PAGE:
So, confidence‑building is not the only aim of the Cyber Policy Portal, but it also promotes capacity‑building assistance as well as serves the research community, as I mentioned at the beginning.  I'll touch upon that in the next slide, but allow me just a couple of seconds about how it promotes capacity‑building.  So, by providing an overview of current ‑‑ I wouldn't, perhaps, say best practices, but good practices in cyber policy‑making of all the countries, policymakers as one of the targeted audience has the possibility to visit the Cyber Policy Portal and review what these good practices, perhaps, are and think of how this could be transposed into the different national context, if possible.  It's not always possible.  And as such, CPP ‑‑ Cyber Policy Portal ‑‑ supports these policy, cyber policy teams or cyber policy experts, national experts, with our analytical tools that we have on the websites.  Again, bear with me.  I'll be able to show you at the end a bit what I mean by these analytical tools. 

So, I think through that, UNIDIR showcases certain efforts of states that have new policies or existing policies.  Some date back to the early 2010s.  And hopefully, through that, we indirectly motivate other states to check and update their national policies and sort of follow the emerging trends in policy‑making especially.  Lost my mouse for a second.  Sorry. 

As I mentioned, or as I teased, we consider the Cyber Policy Portal to be a research tool as well.  It allows for comparative analysis, which enables the users to compare up to three states or organizations of their respective cyber policy landscapes and legislations.  Cyber Policy Portal also has advanced features, advanced filters, enabling quick sorting of the states based on the content of their profiles. 

So, this is the landing page of the Cyber Policy Portal, and the QR code on the right‑hand side, if you want to scan it to visit the Cyber Policy Portal, or just simply type in www.cyberpolicyportal.com and you'll land on the UNIDIR page devoted to the Cyber Policy Portal.  And then you can just select whichever country you want and visit their policies and legislation.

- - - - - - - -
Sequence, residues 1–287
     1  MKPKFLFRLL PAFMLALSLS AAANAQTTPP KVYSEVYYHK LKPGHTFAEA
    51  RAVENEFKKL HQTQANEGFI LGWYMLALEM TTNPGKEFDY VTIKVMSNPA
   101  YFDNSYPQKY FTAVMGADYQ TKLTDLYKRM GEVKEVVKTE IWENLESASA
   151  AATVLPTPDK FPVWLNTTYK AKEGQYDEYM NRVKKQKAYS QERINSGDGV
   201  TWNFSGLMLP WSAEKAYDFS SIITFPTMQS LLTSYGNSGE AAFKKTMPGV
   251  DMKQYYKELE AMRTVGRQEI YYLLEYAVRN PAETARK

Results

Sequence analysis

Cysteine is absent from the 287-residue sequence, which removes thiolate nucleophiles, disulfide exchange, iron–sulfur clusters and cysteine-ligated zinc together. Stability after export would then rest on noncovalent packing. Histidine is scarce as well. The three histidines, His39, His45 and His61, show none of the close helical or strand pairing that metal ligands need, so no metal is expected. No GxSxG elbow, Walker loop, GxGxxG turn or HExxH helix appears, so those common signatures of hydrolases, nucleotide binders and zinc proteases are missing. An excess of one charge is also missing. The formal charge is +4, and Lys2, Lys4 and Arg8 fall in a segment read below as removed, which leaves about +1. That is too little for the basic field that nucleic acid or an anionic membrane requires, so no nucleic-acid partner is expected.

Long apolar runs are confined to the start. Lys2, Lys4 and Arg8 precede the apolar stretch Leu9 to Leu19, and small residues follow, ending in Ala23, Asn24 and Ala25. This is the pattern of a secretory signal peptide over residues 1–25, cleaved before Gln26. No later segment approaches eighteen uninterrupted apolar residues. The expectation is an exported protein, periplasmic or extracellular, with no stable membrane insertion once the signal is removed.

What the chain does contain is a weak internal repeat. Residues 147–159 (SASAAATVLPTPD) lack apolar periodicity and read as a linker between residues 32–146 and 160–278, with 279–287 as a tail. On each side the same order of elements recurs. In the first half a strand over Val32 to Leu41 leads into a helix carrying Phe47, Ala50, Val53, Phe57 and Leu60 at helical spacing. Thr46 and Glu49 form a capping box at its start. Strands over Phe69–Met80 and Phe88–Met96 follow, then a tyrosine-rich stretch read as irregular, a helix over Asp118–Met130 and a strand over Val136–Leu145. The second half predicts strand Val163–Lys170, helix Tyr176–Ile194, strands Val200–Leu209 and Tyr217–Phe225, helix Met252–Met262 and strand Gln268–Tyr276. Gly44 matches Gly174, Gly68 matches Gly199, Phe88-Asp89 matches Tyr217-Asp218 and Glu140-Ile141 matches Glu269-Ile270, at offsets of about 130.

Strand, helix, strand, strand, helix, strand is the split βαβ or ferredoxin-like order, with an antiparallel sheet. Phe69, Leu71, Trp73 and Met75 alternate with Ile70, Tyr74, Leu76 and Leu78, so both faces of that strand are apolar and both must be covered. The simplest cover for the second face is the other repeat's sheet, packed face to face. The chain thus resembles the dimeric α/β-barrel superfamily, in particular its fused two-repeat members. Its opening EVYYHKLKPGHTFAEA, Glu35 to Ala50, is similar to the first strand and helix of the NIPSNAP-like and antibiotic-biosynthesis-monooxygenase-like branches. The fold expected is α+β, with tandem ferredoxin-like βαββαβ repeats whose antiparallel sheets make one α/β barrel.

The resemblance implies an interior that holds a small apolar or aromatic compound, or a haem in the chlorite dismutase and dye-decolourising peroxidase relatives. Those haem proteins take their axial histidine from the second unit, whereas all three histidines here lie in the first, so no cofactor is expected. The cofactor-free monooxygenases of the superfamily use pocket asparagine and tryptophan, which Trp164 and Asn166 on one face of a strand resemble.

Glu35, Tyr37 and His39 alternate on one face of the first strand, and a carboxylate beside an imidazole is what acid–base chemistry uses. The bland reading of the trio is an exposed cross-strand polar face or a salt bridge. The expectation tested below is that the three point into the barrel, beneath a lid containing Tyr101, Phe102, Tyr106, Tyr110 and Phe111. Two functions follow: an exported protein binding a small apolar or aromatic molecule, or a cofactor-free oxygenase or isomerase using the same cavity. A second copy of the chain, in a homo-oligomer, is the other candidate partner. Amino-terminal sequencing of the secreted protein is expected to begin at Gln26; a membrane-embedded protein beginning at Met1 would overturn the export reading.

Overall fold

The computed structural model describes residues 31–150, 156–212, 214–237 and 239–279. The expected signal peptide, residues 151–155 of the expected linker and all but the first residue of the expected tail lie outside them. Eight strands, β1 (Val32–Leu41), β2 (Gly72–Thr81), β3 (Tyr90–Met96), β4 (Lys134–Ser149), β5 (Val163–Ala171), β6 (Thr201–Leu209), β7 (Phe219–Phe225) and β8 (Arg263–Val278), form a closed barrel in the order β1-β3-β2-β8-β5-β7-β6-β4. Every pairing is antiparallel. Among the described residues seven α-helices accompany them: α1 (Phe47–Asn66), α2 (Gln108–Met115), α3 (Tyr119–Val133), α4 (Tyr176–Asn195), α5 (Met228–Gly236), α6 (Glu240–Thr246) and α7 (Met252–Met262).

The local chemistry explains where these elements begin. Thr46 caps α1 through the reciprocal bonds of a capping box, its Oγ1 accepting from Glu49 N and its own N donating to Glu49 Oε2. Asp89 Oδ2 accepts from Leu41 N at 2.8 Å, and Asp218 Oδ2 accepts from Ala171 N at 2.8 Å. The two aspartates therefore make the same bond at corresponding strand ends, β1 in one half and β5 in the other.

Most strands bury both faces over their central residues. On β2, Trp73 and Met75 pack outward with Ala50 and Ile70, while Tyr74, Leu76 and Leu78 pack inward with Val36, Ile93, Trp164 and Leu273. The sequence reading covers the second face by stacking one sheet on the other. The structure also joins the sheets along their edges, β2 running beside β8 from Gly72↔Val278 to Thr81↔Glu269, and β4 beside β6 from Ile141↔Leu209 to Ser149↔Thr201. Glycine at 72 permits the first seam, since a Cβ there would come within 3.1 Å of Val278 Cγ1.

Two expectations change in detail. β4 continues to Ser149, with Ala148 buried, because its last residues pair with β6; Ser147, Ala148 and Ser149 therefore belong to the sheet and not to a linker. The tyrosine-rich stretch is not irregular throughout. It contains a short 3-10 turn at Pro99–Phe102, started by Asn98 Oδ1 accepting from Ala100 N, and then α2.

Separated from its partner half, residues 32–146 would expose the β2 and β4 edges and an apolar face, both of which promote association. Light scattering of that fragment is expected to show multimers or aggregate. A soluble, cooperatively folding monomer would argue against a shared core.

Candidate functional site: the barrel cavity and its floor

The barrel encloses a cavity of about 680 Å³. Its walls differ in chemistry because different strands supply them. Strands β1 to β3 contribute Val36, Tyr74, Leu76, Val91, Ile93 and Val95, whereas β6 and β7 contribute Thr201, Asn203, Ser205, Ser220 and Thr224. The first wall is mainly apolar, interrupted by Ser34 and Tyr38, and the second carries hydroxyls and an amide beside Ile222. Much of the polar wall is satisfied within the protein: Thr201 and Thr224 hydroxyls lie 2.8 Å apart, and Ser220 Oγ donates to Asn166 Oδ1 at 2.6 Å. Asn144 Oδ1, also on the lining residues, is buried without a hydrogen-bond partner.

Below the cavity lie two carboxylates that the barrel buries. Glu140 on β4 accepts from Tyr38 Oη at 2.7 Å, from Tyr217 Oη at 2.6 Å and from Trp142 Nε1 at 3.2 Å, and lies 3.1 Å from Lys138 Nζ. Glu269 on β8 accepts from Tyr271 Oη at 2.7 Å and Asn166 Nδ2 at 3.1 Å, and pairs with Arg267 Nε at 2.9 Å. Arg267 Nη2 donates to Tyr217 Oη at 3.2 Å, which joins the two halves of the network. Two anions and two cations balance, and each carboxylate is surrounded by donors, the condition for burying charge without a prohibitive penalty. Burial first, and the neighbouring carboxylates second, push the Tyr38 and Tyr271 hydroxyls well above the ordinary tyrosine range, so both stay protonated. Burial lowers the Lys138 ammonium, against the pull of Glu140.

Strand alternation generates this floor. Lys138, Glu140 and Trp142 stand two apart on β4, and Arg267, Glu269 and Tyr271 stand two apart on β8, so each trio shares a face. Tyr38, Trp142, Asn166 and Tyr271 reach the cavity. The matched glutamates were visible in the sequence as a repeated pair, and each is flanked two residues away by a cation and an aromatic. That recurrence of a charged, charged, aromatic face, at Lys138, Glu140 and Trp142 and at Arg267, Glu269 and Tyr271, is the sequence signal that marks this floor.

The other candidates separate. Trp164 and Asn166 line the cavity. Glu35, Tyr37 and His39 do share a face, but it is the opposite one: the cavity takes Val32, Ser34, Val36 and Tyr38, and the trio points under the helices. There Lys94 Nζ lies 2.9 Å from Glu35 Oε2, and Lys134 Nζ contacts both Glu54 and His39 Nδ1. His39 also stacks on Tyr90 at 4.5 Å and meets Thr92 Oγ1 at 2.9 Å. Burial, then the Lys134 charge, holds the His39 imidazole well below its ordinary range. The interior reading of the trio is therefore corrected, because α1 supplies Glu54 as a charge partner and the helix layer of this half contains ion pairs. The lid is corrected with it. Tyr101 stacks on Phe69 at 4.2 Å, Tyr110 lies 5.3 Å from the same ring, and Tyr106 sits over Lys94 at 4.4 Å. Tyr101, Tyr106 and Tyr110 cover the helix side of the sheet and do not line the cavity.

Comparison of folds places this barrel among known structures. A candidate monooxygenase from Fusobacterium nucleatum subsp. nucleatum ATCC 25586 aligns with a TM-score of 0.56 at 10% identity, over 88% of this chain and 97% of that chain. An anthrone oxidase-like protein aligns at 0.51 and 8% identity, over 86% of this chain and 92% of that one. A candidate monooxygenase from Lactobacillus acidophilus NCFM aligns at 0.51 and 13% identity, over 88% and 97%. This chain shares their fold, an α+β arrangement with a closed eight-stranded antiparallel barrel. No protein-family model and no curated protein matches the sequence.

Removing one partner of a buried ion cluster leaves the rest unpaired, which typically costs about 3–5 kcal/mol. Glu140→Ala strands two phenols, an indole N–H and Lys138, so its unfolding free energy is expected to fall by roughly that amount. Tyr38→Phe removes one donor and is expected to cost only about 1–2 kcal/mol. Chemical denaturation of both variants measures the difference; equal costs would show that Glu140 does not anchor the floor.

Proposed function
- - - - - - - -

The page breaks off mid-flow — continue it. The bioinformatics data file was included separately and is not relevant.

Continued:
So, if you're with me and clicking through the website, but if not, again, I'll show it again at the end.  But briefly, each of the state profiles also goes for the international, intergovernmental organizations, but nonetheless, let's focus for a second on the state.  So, all the state profiles include four categories of the policy in the landscapes.  First is the cybersecurity strategy document and various implementation frameworks, so implementing these particular strategies. 

The second one is cybersecurity legislation, which as I mentioned, allows to go through the national legislation that is dedicated to cybersecurity.  It features also ‑‑ every profile features key dedicated structures and positions that are in charge domestically, so nationally, for cybersecurity policy, as well as various international cooperation declarations, initiatives, activities.  Sometimes in this category, we are very granular and list pretty much all the efforts that states are undertaking when it comes to international cooperation in the field of cybersecurity. 

I'm very happy to be reporting also of the extended filter feature that we very recently implemented.  So, unfortunately, we don't have yet ‑‑ I'll talk about that later as well ‑‑ we don't have yet the search function on our website.  As I said at the beginning, it's meant to be an at‑a‑glance tool, so by providing this map as a landing page, I think it provides sort of ease of use for the users to just click on a country they're interested in and go through their respective profile.  But if one is interested, perhaps that is very apt for the research community, more so than anyone else, the users can quickly go through the dedicated categories as well as subcategories, and through that filter the countries that do have that particular capacity. 

And over here, we have an example.  So, clicked on the implementation framework, so that's within the category of policies.  And the map colored is clearly indicating the countries that do have certain implementation frameworks in place. 

Another feature that I teased to a degree already and I mentioned before is the comparative function or the function that allows comparing up to three profiles.  Here we see states.  And it sort of provides an overview of these policies, national policies that they have, and allows for a quick overview, I suppose, of the current state, of the current state of affairs, in comparative way as well.  One can even export this as a PDF, and I'll show that again in a bit. 

We heavily rely on information that is provided by states, but also by our respective users.  And because of that, I need to emphasize the feedback mechanism or feedback tool that we have on our website as well.  It allows the users to provide any data, official sort of data that pertains to the cybersecurity policy or legislation, but also allows to give any sort of feedback that pertains to our user interface or functionality we have and so on and so forth.